Todd & God

* * - - -

A spoken word theatre show with some divine intervention

Image of Todd & God
Note: This review is from the 2017 Fringe

Todd is young man who has been chosen by God to start a new religion. Todd & God is a solo performance (although this is not strictly true) from Richard Marsh. The protagonist is actually joined onstage by the voice of God (whose vocals are supplied by spoken word artist and performer Sara Hirsch). God gives advice, makes jokes, assists and at times torments Todd. If he is the chosen one, then it is not going to be an easy ride.

The performance feels like a fantastical Richard Curtis movie played out onstage. Todd is a fumbling and confused protagonist, very much in the same vein as Hugh Grant in his many Richard Curtis collaborations. The story is set in London and features an ensemble of characters that are all played by Marsh (excluding God of course). He has an aptitude for taking on various roles and makes use of his vocal delivery and abilities as a performer to help distinguish between the characters.

Although it is very well performed by Richard Marsh and Sara Hirsch, Todd & God feels a bit too predictable and familiar. The words are delivered with style and the show works very well when it veers into spoken word performance (Richard Marsh is a slam poetry champion). Here poetry and rhymes are employed to express emotion and feelings and the show hits a nice and easy flow. However, it is the story itself that lacks mystery and imagination and offers very little in drama. Todd & God does ask big questions around love and religion, but the quirky tone removes any excitement and intrigue that could be experienced. This is unfortunate as the performers seem like they could easily deliver a more enthralling story if given half the chance, as their talents with words are obvious.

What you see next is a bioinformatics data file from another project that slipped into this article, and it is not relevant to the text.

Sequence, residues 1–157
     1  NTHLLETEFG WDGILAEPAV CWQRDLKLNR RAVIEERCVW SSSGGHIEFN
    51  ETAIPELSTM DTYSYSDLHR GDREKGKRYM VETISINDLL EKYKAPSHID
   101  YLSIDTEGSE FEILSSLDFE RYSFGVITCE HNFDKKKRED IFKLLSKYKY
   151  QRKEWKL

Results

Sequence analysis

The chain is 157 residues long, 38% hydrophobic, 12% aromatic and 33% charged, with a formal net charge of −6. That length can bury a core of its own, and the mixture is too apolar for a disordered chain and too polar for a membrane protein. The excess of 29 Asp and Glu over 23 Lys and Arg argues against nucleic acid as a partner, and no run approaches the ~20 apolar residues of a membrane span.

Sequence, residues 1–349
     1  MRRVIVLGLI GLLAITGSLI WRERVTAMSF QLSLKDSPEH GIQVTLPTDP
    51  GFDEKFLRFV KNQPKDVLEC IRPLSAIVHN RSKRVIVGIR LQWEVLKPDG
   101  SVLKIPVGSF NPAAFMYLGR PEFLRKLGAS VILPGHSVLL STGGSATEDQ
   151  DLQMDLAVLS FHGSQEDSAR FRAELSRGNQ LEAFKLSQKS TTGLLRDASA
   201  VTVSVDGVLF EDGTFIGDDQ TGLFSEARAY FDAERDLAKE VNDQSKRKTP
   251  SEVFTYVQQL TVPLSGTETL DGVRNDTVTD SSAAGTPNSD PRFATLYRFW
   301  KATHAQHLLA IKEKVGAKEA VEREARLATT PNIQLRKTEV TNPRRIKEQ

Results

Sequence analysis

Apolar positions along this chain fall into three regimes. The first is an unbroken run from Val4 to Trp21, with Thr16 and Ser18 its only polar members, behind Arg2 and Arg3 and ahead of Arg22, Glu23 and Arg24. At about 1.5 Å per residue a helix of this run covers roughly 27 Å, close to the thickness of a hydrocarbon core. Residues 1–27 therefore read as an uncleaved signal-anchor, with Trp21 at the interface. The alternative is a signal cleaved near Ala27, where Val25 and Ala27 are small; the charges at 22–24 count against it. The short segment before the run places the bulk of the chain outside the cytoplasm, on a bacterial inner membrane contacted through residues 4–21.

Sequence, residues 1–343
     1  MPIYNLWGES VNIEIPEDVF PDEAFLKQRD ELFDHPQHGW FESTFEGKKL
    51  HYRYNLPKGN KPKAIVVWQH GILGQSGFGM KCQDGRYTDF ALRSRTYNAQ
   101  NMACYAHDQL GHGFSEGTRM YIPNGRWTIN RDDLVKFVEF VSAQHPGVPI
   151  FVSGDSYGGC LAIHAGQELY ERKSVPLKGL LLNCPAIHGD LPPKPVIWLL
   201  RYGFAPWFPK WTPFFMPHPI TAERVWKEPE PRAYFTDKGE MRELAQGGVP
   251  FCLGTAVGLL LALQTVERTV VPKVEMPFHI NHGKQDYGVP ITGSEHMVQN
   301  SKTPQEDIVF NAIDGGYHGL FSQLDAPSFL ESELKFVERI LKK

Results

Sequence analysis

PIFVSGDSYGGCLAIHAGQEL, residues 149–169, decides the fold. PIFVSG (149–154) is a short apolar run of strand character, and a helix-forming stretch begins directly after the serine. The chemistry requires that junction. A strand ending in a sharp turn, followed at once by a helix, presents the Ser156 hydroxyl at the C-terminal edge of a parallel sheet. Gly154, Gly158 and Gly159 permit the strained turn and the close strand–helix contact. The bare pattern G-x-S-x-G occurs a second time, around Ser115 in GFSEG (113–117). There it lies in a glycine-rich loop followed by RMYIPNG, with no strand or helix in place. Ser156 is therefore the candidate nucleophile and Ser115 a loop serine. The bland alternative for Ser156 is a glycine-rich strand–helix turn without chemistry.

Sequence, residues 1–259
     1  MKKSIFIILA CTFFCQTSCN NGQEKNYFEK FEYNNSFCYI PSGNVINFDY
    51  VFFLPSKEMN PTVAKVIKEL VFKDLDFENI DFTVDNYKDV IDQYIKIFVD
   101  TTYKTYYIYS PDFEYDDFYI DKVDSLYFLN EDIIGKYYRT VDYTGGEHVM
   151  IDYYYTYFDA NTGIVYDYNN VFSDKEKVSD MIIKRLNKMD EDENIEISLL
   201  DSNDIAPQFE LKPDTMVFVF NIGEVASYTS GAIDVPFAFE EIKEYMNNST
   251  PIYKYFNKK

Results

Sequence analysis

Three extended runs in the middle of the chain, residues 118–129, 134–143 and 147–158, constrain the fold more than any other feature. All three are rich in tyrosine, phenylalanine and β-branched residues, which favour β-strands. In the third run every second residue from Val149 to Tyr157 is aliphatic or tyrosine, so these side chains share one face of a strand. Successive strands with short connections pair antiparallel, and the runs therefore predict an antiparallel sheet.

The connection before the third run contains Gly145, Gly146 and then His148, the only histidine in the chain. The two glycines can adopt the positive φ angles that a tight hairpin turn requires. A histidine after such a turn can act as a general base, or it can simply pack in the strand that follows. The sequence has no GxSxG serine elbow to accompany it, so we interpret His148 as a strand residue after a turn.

/ @stevenfraserart

Steven is Spoken Word Editor for The Wee Review and also reviews theatre and movies. He studied animation and computer arts at university and currently freelances in illustration. He currently lives in Glasgow.


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